Bimetallism and Trimetallism

Copper demand grows as merchants look to facilitate increased demand for trade.

The basis of the American Open Currency Standard is pure .999 fine Silver. In fact, one of the few things the AOCS actually does is define the relationship between Currency Trade Units and ounces of fine silver. In a nutshell, it’s the main reason we exist. According to the Standard and present live market price of silver, a single ounce of AOCS Silver represents fifty trade units. If a one-to-one comparison is made between AOCS trade units and the US Dollar, one could argue that the silver-to-face value ratio of a medallion is roughly 40%; simply stated, an AOCS trade unit is, at the present moment, 40% guaranteed by fine silver. It takes a bit to a) get the hang of the numbers and b) understand why AOCS Currencies are actually more valuable than ANY other national currency, but with a little effort and objective research, most folks eventually come around.

But how is this all affected when you add something like gold or copper to the equation? According to the same set of principles, an ounce of .9999 fine gold circulates at a trade value of two thousand units. Agreed, there aren’t many traders swapping ounces of AOCS Gold for products or services in the MarketPlace, but the opportunity does exist. But why would one trade a gold medallion with nearly a 60% ratio of metal to trade value. For AOCS Copper medallions, the same is true from the other end of the spectrum: an AV ounce of .999 fine copper has only a 13% intrinsic value. Will Gresham’s Law rear its ugly head and cause Copper to push out the Silver and Gold?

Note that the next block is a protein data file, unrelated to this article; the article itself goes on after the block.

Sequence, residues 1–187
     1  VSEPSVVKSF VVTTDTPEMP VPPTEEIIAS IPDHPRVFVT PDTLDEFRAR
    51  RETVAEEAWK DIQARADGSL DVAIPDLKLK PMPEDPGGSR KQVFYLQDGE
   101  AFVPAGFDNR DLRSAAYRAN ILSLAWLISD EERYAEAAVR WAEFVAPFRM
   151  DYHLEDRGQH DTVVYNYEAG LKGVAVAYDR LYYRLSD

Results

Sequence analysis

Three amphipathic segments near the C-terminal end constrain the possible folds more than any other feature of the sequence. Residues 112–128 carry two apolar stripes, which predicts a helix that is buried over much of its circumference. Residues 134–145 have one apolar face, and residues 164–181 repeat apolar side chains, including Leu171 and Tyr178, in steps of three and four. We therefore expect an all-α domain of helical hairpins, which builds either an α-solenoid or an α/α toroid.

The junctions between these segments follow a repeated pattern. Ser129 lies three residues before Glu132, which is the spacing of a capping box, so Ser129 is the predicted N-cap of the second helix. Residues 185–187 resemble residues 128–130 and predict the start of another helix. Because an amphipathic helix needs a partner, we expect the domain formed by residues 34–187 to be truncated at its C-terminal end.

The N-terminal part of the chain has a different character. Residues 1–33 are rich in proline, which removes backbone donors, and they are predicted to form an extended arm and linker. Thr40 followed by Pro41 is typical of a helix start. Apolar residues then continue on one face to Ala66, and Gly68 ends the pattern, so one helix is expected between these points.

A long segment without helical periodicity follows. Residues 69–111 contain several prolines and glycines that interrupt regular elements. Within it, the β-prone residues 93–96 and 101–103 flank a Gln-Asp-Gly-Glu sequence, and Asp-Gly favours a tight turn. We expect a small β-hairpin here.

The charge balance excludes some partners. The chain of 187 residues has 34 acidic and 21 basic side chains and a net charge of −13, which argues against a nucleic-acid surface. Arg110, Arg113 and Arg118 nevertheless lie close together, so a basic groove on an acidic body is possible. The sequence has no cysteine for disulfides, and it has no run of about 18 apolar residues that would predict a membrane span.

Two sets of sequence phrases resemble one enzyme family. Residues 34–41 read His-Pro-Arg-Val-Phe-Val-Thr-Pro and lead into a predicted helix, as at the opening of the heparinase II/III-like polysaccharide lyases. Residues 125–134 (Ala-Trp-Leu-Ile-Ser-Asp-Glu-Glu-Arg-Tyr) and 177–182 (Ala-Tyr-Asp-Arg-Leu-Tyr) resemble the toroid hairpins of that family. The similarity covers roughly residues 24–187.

In terms of Federal Reserve Notes, few seem to care that the same amount of paper is used to create a one-dollar Federal Reserve Note as is required to print a one-hundred Dollar Note. And yet, I can’t imagine a business owner preferring payment in single dollar bills. One reason for this, regardless of the paper’s intrinsic value, is the equality of acquisition costs for the Notes. There is no discount offered for customers to pay with the greatest number of Notes.

In the AOCS model, this possible issue is addressed two ways: first, as all AOCS Currencies are complementary and their acceptance is voluntary, Merchants are welcome to choose for themselves which medallions, if any, they are to accept. Merchants requiring payment in AOCS Gold will yield the lowest gap between face and intrinsic values, though they may wait quite some time for customers to appear. AOCS Silver is a balance between Gold and Copper, both of which complement the Silver Standard well for large and small trades.

Second, and more importantly, as the value of AOCS Currency continues to increase, the cost in Dollars of acquisition will proportionately increase along with it. As less Currency is acquired in Dollars at a discount and more in exchange for production or effort, the “intrinsic” value decreases in importance compared to the Currency value. AOCS Currency becomes increasingly more valuable by the day, not just because the metals’ worthless Dollar value increases, but instead because the quality and selection of value in the MarketPlace grows greater by the moment.